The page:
Powell seems the most likely to leave, although some speculate that he may hang on to avoid ceding the field to Rumsfeld. Rice, one of Bush’s most trusted advisers, could conceivably replace either of them if she doesn’t return to academia.

But with Cheney remaining, U.S. policy in a second term seems likely either to continue on its present course or become more aggressive and less conciliatory – especially if Powell departs.

Bush’s economic team, led by Treasury Secretary John Snow and budget director Joshua Bolten, is expected to remain largely intact after the 2002 shakeup that started with the ouster of former Treasury Secretary Paul O’Neill. However, a sweeping attempt to change the tax code is possible.

Bush intends to meet with his Cabinet on Thursday before spending a quiet weekend at Camp David, the presidential retreat in Maryland.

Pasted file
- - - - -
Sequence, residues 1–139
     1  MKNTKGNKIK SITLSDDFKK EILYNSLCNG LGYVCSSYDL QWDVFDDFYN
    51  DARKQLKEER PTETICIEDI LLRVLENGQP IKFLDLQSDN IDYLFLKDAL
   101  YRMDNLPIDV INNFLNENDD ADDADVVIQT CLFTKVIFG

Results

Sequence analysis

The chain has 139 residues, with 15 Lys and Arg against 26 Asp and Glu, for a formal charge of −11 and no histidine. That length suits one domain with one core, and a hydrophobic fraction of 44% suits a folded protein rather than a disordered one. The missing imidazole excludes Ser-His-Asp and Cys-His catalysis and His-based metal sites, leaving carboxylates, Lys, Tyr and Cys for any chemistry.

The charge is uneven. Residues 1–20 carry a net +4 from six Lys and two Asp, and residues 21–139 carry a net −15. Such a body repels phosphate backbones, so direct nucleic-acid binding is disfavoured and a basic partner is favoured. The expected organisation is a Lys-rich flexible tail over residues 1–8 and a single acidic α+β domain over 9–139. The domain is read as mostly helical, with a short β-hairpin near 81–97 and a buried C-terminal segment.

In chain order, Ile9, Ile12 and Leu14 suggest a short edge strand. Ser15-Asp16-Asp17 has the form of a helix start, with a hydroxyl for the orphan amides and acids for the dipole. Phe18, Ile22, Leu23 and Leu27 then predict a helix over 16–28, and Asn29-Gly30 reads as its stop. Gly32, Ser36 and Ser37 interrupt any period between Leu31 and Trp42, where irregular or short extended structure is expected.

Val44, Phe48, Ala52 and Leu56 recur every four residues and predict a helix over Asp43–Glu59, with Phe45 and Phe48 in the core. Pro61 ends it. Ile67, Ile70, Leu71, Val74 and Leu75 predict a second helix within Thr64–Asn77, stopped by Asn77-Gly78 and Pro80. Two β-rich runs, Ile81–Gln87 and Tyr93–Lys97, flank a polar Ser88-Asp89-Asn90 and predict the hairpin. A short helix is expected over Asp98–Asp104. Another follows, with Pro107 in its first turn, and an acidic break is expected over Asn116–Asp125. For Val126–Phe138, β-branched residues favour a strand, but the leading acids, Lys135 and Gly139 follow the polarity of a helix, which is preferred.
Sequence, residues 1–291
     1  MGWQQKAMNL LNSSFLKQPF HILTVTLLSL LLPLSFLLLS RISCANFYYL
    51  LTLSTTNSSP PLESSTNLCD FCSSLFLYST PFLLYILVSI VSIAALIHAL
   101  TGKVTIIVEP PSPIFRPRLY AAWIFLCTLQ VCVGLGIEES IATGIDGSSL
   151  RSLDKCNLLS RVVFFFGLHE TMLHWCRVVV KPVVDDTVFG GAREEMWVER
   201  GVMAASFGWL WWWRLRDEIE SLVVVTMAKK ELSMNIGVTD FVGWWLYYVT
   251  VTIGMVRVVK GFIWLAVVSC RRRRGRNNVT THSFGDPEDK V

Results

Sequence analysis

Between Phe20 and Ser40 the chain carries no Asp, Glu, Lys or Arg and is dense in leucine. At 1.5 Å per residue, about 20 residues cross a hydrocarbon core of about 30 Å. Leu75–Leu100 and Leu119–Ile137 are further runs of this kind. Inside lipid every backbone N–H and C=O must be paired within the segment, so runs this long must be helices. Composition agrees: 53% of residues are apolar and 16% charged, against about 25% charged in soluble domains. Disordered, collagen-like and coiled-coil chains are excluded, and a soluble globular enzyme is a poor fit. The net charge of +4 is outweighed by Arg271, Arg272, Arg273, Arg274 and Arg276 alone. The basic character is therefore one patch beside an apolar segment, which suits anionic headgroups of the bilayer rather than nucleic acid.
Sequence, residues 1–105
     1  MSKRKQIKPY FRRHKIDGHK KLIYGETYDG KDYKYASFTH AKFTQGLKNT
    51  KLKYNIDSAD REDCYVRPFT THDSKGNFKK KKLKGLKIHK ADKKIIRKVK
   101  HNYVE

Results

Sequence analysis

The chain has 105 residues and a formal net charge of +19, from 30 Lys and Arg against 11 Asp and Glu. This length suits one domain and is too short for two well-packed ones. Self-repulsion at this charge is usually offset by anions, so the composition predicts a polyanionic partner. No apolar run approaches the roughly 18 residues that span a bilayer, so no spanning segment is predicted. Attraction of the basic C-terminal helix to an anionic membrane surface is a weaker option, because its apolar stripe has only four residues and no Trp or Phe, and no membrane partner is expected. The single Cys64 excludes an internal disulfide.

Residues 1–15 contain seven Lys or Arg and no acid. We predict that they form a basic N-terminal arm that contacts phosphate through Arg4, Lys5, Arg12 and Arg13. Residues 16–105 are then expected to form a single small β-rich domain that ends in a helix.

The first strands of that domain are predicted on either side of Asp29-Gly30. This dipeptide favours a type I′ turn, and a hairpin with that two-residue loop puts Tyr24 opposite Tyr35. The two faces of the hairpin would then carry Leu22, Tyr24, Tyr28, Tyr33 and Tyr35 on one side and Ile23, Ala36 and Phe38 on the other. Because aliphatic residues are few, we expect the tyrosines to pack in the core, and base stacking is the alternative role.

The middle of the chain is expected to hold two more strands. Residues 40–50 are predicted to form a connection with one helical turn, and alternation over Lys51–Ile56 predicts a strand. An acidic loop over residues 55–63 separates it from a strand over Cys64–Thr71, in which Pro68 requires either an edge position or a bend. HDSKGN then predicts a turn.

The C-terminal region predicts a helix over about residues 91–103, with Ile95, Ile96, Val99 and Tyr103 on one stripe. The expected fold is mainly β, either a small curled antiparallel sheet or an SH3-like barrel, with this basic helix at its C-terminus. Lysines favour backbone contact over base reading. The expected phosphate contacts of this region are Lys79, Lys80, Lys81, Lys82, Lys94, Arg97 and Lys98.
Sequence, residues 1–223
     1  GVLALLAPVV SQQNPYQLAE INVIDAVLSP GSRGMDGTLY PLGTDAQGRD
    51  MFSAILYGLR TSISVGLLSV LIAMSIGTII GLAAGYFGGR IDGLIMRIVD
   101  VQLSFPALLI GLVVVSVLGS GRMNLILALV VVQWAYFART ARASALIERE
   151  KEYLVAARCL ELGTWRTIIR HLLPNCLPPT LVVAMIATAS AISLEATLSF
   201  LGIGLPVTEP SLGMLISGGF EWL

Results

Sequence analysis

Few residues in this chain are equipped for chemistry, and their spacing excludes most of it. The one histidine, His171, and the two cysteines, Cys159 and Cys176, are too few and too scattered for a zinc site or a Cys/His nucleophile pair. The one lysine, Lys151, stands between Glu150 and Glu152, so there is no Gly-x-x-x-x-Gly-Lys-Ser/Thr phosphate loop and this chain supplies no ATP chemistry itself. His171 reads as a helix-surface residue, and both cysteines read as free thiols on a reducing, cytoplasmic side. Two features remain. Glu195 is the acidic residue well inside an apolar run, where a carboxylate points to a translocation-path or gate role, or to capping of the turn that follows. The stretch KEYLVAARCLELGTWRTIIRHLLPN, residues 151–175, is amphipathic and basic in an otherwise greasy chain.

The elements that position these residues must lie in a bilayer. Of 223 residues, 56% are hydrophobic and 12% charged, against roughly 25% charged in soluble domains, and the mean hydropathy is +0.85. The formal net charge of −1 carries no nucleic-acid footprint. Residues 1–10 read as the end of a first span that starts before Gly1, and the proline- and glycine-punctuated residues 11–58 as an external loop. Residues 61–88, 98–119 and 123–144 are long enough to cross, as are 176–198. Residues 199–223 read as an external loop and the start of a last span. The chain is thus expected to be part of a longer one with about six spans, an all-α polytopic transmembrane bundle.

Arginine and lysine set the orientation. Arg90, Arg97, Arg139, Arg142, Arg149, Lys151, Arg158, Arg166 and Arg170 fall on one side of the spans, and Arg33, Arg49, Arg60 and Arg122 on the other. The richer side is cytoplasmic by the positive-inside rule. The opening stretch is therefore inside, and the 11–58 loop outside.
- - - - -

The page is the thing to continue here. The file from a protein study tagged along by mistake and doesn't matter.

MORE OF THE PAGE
Of all the unknowns facing Bush in a second term, Iraq looms as the most worrisome. The next big test will come about the time Bush takes the oath of office for a second time on Jan. 20. His promise to hold national elections in Iraq in late January will likely be tested by terrorist attacks, spreading chaos and power struggles among Iraq’s various ethnic and religious groups.

A successful election would help put Iraq on the path to stability, but a disputed outcome could embolden insurgents and terrorists and further divide the country. Continuing problems and a rising American death toll could make Iraq Bush’s Vietnam in a second term, draining his political clout and casting a pall over his presidency.

Even if things go well overseas, budget realities at home will complicate Bush’s efforts to push his agenda through Congress. Budget projections show massive federal deficits for the foreseeable future, raising the bar for almost any proposal that costs money. Nevertheless, a push to extend or expand Bush’s tax cuts is almost certain.